Discussion

Our results have extended our understanding of the genetic events at the S locus and at modifier loci that accompanied the switch to self-fertility in A. thaliana.

The identification of four accessions, in addition to C24, in which self-fertility may be clearly attributed to a non-functional S locus is significant for several reasons. From a practical point of view, the availability of several strains with diverged genetic backgrounds that do not contribute SI modifier alleles in crosses to laboratory-generated mutants will greatly facilitate the mapping of these mutants and the eventual cloning of genes required for SI. From an evolutionary perspective, the finding demonstrates that rather than being unique, the C24 accession is only one of potentially many accessions whose self-fertile phenotype may be fully reverted to SI by transformation with the AlSRKb-SCRb genes. Interestingly, these accessions are not confined to one geographical region: C24 is a southern-European accession originally isolated in Portugal, whereas Kas-2, Hodja, and Sha are all central Asian accessions from Kashmir (Kas-2) or Tajikistan (Hodja and Sha), and Cvi-0 is restricted to the Cape Verdi Islands. A genome-wide polymorphism study in which 876 loci spread across the genome were surveyed in 96 accessions [35] had indicated that all accessions isolated from Tajikistan are genetically very similar to one another (although Hodja was not included in the study), that Sha and Kas-2 are very closely related to each other, and that both are significantly diverged from C24 and Cvi-0, which in turn are also highly diverged from each other.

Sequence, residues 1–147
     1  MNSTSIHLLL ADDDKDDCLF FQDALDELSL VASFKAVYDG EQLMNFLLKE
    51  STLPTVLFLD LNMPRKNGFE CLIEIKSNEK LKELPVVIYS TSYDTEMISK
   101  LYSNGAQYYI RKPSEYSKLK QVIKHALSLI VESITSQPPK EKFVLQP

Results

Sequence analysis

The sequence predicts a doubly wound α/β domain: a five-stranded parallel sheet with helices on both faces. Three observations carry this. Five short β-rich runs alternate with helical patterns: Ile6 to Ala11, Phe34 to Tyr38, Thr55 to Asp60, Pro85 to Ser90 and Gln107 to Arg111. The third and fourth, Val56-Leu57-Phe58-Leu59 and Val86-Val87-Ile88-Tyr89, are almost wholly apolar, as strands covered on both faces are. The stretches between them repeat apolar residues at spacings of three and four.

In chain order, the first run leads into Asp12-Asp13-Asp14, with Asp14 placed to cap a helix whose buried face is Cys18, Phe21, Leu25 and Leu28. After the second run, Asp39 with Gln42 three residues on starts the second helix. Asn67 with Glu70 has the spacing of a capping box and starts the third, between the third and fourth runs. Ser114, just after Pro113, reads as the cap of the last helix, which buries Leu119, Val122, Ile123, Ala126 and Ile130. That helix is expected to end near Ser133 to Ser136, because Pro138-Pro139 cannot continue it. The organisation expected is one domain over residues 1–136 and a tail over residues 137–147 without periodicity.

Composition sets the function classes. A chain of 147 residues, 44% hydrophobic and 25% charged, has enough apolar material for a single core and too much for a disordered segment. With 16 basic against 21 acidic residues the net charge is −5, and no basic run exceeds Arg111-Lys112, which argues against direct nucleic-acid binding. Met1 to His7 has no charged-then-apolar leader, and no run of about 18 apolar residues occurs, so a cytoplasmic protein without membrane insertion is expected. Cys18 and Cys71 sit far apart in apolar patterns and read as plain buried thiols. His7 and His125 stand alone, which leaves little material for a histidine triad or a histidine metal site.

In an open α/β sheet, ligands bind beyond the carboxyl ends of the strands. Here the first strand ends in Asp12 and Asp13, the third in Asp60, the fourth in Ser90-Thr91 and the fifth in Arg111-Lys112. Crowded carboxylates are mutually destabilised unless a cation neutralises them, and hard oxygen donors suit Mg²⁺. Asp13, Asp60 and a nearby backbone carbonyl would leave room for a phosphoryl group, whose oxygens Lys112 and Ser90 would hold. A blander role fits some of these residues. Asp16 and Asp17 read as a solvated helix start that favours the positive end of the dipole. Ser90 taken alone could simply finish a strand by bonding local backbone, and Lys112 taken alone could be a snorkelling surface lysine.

Our analysis of the C24, Cvi-0, Kas-2, Hodja, and Sha accessions has illuminated the genetic events that likely caused loss of SI in these accessions and potentially others with similar ΨS-loci, genome-wide polymorphisms, and provenance. Keeping in mind that the ΨSA, ΨSB, and ΨSC haplotypes were derived from distinct ancestral functional S haplotypes, the four haplotypic structures observed in C24, Cvi-0, Kas-2, and the Hodja/Sha group (Figure 2) are consistent with independent origins of these ΨS haplotypes. The Cvi-0 ΨSB haplotype, which lacks ΨSA and ΨSC sequences was clearly independently derived. The Sha and Hodja ΨS haplotypes are highly-decayed versions of the ancestral SA haplotype also found in Col-0, and it is possible that the S haplotypes in these three accessions might have been derived from the same ΨSA haplotype. In contrast, the C24 and Kas-2 ΨS haplotypes are both recombinant haplotypes generated by illegitimate recombination between ancestral SA and SC haplotypes. It is possible that the C24 ΨS haplotype was derived from a Kas-2-like ΨS haplotype via a complex series of restructuring events. Alternatively, based on the extensive genome-wide divergence inferred for the C24 and Kas-2 accessions [35], their recombinant ΨS haplotypes might have arisen independently, as illustrated in Figure 6.